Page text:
Canadian artist designs bike that sprays water-calligraphy graffiti

Nadine Bells
Good News

Beijing-based Canadian artist Nicholas Hanna has developed a "water calligraphy device," a bike hack that lets the rider paint temporary Chinese poetry on the street while in motion.

He unveiled his design at Beijing Design Week 2011.

This "tricycle calligraphy" was inspired by the Chinese tradition of using water brushes to "paint" wet poetry in public spaces and by the commonly seen form of transportation on Beijing's streets.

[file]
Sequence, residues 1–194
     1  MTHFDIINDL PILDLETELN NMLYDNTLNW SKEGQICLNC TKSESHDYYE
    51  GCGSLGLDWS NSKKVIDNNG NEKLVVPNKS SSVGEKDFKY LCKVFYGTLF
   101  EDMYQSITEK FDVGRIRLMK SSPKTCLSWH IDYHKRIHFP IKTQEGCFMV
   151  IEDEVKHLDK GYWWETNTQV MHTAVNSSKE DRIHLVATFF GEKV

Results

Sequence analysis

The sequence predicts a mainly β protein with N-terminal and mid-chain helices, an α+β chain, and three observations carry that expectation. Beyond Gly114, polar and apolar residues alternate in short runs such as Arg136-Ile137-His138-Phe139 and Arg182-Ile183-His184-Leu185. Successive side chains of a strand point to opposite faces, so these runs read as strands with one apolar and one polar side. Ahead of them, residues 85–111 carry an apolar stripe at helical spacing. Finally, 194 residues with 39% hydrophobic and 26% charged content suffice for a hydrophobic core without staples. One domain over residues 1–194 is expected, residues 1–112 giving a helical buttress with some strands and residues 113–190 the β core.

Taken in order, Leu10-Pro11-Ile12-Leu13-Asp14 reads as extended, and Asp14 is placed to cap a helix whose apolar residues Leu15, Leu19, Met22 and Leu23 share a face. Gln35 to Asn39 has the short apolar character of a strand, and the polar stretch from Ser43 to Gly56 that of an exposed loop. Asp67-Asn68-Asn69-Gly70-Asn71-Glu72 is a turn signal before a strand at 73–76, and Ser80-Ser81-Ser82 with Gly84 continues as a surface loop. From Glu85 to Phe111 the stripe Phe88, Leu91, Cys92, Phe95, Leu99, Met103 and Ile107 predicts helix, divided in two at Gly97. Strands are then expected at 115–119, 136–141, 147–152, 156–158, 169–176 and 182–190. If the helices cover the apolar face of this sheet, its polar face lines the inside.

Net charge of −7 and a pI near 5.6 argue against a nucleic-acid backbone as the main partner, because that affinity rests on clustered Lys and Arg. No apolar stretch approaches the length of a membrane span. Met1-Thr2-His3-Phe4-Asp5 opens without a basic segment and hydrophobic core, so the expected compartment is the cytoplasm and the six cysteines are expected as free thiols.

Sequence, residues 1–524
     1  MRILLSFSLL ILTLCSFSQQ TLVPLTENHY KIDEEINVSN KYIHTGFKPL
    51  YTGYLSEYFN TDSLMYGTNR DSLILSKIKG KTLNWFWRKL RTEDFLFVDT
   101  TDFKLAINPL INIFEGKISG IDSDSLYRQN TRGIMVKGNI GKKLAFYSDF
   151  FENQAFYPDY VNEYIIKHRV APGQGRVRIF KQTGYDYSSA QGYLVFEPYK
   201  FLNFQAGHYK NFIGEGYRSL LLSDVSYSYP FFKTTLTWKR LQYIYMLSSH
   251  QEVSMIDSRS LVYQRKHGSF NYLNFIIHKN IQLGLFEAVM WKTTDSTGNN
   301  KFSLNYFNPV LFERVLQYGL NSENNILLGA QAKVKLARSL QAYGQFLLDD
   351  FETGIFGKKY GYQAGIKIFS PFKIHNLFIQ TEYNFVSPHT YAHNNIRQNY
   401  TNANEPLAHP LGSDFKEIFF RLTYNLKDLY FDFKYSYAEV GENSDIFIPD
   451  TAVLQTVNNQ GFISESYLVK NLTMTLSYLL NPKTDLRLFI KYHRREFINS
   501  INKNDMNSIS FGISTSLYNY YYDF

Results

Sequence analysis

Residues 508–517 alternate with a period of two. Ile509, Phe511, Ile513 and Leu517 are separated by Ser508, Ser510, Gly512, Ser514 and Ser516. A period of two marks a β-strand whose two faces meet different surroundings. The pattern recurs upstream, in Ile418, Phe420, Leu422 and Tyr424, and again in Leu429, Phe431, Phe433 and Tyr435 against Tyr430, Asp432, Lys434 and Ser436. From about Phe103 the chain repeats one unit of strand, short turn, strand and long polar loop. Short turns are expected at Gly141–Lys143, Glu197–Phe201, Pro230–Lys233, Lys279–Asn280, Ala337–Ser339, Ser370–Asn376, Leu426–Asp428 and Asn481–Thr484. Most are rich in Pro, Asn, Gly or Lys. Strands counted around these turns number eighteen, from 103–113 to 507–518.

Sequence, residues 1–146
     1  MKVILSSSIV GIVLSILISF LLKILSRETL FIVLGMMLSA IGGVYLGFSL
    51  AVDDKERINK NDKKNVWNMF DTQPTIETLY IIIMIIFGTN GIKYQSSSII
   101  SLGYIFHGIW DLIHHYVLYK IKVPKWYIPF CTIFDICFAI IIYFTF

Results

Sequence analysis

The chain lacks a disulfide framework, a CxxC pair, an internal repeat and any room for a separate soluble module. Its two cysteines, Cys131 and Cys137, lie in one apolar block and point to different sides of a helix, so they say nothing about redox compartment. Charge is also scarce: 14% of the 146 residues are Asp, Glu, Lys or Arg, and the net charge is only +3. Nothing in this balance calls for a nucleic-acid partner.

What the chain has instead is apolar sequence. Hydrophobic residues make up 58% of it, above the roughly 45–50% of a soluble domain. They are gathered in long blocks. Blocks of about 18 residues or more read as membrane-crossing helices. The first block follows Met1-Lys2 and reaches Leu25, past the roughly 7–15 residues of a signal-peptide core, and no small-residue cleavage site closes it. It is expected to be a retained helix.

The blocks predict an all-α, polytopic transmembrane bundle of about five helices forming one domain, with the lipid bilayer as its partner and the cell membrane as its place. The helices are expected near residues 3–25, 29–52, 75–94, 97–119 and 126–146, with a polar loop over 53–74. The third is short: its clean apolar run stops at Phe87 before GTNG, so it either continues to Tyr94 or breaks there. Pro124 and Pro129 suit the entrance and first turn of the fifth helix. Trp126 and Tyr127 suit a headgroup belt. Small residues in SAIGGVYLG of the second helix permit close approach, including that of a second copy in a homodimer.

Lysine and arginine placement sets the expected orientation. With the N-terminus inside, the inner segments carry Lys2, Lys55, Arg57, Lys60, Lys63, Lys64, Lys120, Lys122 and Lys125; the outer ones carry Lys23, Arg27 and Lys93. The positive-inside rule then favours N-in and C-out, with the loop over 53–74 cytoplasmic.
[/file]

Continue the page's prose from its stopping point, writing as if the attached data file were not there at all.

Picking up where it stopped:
"It's more than just communicating information, but also that you can judge the moral character of someone from their handwriting," Hanna says.

Designboom describes how it works:

"Hanna's 'water calligraphy device' uses a computer, mounted on the handlebars, to transmit passages of Chinese literature to an electrical system and array of solenoid valves. Each character is converted into a dot matrix, to which the valves synchronize the release of droplets of water as the tricycle moves forward. Thus as the device moves forward, passages of text appear behind it, only to gradually evaporate just as in traditional water brush painting."